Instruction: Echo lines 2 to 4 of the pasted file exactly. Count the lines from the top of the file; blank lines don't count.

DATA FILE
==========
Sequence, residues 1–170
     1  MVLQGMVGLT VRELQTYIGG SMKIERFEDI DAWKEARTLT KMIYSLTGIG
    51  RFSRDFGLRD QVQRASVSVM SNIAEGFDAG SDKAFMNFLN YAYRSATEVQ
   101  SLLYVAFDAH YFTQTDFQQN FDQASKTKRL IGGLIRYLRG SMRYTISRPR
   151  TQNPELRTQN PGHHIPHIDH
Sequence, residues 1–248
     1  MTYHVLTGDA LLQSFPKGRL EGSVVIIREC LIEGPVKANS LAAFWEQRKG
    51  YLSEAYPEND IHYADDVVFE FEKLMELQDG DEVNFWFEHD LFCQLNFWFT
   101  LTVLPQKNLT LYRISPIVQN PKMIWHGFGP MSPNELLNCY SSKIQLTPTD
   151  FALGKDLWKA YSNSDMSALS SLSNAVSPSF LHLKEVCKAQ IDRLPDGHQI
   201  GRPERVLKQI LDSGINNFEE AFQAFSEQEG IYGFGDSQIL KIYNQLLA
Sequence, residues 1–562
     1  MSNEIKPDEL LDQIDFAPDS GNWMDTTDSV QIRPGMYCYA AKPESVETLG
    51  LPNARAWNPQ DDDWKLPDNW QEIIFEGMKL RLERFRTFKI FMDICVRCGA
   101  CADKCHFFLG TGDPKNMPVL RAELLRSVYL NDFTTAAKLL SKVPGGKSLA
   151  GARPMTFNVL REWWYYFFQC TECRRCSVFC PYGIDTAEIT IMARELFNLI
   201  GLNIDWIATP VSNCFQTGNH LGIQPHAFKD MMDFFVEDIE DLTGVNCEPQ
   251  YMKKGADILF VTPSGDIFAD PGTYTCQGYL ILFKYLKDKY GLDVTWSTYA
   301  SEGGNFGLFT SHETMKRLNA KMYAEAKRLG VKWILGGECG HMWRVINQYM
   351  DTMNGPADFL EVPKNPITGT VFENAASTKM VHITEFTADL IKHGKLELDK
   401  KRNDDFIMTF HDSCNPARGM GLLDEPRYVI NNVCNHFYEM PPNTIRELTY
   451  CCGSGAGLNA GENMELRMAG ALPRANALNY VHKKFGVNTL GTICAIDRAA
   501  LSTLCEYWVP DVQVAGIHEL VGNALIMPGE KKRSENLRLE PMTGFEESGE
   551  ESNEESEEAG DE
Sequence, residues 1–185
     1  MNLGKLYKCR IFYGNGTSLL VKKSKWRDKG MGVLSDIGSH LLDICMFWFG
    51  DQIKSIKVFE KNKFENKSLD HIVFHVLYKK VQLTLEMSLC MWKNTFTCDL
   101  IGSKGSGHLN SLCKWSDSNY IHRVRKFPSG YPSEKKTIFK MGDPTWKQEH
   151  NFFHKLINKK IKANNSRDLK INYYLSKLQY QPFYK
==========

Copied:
     1  MVLQGMVGLT VRELQTYIGG SMKIERFEDI DAWKEARTLT KMIYSLTGIG
    51  RFSRDFGLRD QVQRASVSVM SNIAEGFDAG SDKAFMNFLN YAYRSATEVQ
   101  SLLYVAFDAH YFTQTDFQQN FDQASKTKRL IGGLIRYLRG SMRYTISRPR